Jury Awards Millions to Family of Film Crew Member Killed by Train

Jul 17, 2017  •  Post A Comment

The family of a camera assistant who was killed by a train on a railroad bridge while working on a movie in Georgia in 2014 was awarded $3.9 million today. The AP reports that the jury found “the railroad’s owner shared in the blame for the deadly freight train collision even though the film crew was trespassing.”

“The parents of Sarah Jones sued CSX Transportation in Chatham County State Court, saying the railroad shared blame for their daughter’s death,” the story reports. “The 27-year-old camera assistant died in the crash Feb. 20, 2014, during the first day of shooting ‘Midnight Rider,’ an ill-fated movie about Gregg Allman of the Allman Brothers Band.”

Allman died in May at age 69, but the production has been in limbo since the crash, and before his death Allman went to court to prevent the project from moving forward.

“The film’s director, Randall Miller, served a year in jail after pleading guilty to involuntary manslaughter and criminal trespassing charges,” the AP reports. “Jones’ parents, Richard and Elizabeth Jones of Columbia, South Carolina, said CSX also failed to take precautions that could have averted the crash on a trestle spanning the Altamaha River near Jesup in southeast Georgia.”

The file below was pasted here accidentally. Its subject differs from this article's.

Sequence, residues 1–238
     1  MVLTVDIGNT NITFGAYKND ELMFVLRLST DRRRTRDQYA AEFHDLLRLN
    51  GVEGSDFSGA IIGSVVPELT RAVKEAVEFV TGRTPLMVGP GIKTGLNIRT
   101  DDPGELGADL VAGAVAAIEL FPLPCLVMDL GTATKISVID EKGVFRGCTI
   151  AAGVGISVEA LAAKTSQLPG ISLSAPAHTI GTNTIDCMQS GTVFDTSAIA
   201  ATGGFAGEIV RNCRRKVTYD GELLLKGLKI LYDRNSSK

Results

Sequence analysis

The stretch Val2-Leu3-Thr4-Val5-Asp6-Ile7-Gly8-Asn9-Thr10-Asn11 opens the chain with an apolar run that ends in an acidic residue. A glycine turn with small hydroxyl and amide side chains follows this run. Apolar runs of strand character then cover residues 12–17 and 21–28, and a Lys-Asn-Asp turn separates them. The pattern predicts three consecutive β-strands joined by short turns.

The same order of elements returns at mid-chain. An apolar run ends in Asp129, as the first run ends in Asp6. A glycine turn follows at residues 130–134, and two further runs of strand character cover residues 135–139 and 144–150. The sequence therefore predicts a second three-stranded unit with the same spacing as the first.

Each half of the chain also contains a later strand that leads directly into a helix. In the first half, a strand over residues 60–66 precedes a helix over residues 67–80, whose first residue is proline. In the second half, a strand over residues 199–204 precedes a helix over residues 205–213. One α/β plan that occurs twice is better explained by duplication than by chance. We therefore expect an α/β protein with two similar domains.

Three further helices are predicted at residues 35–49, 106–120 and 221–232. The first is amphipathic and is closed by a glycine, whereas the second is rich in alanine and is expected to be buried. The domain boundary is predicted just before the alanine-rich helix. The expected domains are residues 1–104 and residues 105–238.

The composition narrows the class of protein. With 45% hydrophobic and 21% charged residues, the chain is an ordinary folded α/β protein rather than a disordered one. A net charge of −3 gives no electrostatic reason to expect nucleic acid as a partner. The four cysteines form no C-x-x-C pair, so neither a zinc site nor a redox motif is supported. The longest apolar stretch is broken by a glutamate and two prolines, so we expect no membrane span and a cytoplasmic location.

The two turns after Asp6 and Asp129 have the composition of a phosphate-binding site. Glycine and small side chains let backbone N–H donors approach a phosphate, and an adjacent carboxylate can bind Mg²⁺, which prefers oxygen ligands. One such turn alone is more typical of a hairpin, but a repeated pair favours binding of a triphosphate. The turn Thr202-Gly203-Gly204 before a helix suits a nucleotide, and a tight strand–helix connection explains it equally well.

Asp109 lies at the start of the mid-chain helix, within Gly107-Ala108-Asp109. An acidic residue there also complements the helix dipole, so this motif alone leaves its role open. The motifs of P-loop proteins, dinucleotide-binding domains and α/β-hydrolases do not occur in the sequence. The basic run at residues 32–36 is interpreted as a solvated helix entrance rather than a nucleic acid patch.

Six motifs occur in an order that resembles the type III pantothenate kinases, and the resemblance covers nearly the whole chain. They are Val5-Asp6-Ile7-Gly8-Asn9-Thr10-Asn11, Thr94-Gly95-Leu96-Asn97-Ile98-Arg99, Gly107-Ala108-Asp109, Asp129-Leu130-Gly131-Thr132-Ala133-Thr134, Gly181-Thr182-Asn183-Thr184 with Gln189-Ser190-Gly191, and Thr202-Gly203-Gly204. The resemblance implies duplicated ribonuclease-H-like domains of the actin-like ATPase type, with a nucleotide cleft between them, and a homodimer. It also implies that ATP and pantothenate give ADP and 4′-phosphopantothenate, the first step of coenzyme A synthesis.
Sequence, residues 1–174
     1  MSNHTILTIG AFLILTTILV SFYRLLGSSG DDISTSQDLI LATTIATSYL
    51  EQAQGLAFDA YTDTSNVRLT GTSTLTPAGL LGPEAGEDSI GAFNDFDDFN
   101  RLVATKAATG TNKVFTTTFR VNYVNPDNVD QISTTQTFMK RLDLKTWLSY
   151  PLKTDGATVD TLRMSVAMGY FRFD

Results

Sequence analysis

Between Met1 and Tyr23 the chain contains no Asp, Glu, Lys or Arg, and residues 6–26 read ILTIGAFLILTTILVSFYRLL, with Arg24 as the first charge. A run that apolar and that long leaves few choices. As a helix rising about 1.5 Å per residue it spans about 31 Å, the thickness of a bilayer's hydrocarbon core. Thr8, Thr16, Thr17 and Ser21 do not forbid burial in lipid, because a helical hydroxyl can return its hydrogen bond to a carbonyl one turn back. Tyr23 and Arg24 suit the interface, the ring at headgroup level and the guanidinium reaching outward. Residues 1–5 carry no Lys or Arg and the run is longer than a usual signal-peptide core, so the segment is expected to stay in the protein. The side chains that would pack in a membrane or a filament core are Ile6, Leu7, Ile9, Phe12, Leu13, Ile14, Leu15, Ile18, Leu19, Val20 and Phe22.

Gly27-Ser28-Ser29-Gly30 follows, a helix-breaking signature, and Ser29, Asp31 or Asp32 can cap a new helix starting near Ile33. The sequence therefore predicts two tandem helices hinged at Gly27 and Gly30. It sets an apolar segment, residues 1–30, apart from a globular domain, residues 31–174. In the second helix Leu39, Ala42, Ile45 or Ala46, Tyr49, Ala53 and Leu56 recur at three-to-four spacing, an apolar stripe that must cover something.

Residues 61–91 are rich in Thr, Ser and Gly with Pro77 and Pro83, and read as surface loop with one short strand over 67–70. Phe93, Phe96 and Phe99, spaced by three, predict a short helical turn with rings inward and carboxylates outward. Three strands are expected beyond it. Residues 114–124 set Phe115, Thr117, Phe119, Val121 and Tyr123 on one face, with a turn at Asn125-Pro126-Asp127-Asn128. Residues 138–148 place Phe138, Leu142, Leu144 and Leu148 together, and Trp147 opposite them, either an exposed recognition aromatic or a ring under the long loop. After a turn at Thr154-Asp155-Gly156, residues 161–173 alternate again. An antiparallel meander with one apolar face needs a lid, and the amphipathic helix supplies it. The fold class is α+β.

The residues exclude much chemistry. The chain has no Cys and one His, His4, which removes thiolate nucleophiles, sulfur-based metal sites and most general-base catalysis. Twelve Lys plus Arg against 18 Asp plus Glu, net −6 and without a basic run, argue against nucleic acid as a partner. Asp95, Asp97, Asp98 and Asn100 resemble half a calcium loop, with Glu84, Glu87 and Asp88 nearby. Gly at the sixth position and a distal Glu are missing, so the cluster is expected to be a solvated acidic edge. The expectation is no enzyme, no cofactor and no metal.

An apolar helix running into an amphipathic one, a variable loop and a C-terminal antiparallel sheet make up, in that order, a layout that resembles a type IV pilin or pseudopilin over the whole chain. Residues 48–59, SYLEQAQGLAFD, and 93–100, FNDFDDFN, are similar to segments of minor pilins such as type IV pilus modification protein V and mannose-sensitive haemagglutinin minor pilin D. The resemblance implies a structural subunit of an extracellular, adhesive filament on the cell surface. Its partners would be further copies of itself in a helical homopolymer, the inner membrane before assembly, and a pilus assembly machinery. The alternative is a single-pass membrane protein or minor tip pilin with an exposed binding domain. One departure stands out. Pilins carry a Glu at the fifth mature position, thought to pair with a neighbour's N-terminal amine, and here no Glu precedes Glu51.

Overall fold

Jacksonville, Fla.-based CSX indicated it will appeal the ruling.


  1. I certainly hope they will appeal; the railroad has to pay because someone was trespassing? Nonsense.

  2. What exactly is the railroad suppose to do? Freight trains do not run an a set schedule, so doing anything on a rail line without the knowledge of the train company is extremely dangerous. I’m sure computerization has made the time tables more accurate. As a kid, my hometown’s Christmas parade had to cross railroad tracks. The rail line could only give us a 4 hour window when the train might come through town. My job was to stand at the crossing looking for the train so we would not have a float crossing the tracks when the train came. They should have had someone down the line on both sides to give warning of an oncoming train, especially since they were there without CXS’ knowledge.

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